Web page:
Date of this Version
Water has always been an important resource to rural Nebraska. This resource has become more scarce during the last few years amid a continuing drought throughout many counties of the state. Do rural Nebraskans feel the drought is over in their area? What priority do they place on various uses of water? Do they feel the quality or quantity of their household water supply has changed during the past ten years? If so, what has affected it?
This report details 2,915 responses to the 2004 Nebraska Rural Poll, the ninth annual effort to understand rural Nebraskans’ perceptions. Respondents were asked a series of questions about water issues. For all questions, comparisons are made among different respondent subgroups, i.e., comparisons by age, occupation, region, etc. Based on these analyses, some key findings emerged:
• Many rural Nebraskans expect the drought will continue in their area for one or two more years. Thirty-nine percent think the drought will continue for one or two more years, while 12 percent believe it has probably ended in their area. Another twelve percent expect the drought will last for three to five more years while four percent expect it to last for more than five years. Thirty-three percent don’t know how long the drought will continue in their area.
• Persons living in the Southeast and Northeast regions of the state are more likely than persons living in other regions of the state to believe the drought has probably ended in their area. Nineteen percent of the residents from the Southeast region and 17 percent from the Northeast region say the drought has probably ended in their area. However, only six percent of the persons living in the Panhandle and North Central regions share this opinion.
• Almost one-half of the farmers and ranchers expect the drought to continue in their area for one or two more years. Forty-seven percent of the farmers and ranchers have this expectation, compared to only 33 percent of the manual laborers.
• Rural Nebraskans rate indoor residential and agricultural uses as the highest priorities for water use. The proportions rating each of the following uses as high priority include: indoor use in existing homes (72%), use for livestock (drinking and waste management) (48%), irrigation of agricultural and horticultural crops (46%) and indoor use in new housing developments (34%). Uses receiving low proportions of high priority responses include: swimming pools for individual homes (2%), watering golf courses (3%), and transferring water to other states for their use (5%).
• Residents of the Southeast region are less likely than residents of other regions of the state to rate livestock use and irrigation of crops as high priority uses of water. As an example, 55 percent of the South Central residents rate irrigation of crops as a high priority use, compared to only 32 percent of the Southeast residents.
• Almost one-third (31%) of rural Nebraskans believe the quality of their water supply has deteriorated during the past ten years. Fifty-six percent say their water quality has not deteriorated during the past decade and 13 percent don’t know.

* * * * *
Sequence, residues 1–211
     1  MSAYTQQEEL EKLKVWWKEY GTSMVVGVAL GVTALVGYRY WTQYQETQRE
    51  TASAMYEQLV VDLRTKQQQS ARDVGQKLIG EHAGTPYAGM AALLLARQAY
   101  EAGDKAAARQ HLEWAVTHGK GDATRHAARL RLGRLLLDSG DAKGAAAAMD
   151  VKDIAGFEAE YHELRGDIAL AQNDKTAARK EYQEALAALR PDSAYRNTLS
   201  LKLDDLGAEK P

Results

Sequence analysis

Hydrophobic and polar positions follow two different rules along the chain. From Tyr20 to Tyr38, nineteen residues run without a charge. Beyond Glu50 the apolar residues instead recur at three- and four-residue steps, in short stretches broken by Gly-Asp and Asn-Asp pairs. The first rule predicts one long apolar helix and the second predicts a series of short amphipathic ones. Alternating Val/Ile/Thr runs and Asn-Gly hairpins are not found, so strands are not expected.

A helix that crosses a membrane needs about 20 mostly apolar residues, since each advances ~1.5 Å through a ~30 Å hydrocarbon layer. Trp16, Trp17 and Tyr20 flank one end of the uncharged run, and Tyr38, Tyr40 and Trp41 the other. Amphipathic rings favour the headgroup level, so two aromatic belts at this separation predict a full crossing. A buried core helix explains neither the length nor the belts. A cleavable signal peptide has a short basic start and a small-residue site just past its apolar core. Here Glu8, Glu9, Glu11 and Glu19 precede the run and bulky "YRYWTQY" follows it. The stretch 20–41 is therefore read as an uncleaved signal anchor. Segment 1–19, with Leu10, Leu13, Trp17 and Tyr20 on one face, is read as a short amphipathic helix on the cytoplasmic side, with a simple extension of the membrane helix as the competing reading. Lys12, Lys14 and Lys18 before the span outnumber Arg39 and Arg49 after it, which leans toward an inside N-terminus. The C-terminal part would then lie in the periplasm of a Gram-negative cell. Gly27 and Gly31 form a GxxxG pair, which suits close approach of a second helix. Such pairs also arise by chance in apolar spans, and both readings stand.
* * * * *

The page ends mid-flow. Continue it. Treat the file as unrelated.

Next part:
• Over one-third of those who believe their water quality has deteriorated during the past ten years say that agricultural chemicals have impacted their water quality to a great extent. The proportions that believe the following factors have impacted their water quality to a great extent include: agricultural chemicals (39%), chemicals used in lawns and landscaping (22%), livestock waste (21%), business and industry waste (20%) and naturally occurring contamination (10%).
• Panhandle residents are more likely than persons living in other regions of the state to say their water quality has deteriorated during the past ten years. Thirty-seven percent of the Panhandle residents believe their water quality has worsened during the past decade, compared to only 22 percent of the North Central residents.
• Over one-half of rural Nebraskans expect the quality of their water supply to either improve or remain the same during the next ten years. Twelve percent expect the quality will improve either slightly or significantly while 43 percent say it will remain the same as it is now. Twenty-two percent believe it will deteriorate slightly, but remain safe for drinking or other household uses and eight percent think their water quality will deteriorate to a potentially unsafe level. Fifteen percent don’t know what to expect.
• Most rural Nebraskans don’t think the quantity or amount of water available for their domestic use has been reduced during the past ten years. Seventy-six percent don’t believe the amount of their water has been reduced, 15 percent say the amount of water available to them has been reduced and nine percent don’t know.
• For those who believe the amount of water available for their domestic use has been reduced, the most common culprits named are cyclical weather patterns and irrigation use. Forty-three percent of the persons who say the amount of water available to them has declined during the past decade think that cyclical weather patterns have impacted this to a great extent while 39 percent say that irrigation use has impacted their water quantity to a great extent.
• Panhandle residents are more likely than residents of other regions to say the amount of water available to them has been reduced during the past ten years. Twenty-eight percent of the Panhandle residents say their water quantity has been reduced, compared to only nine percent of the residents living in the North Central region.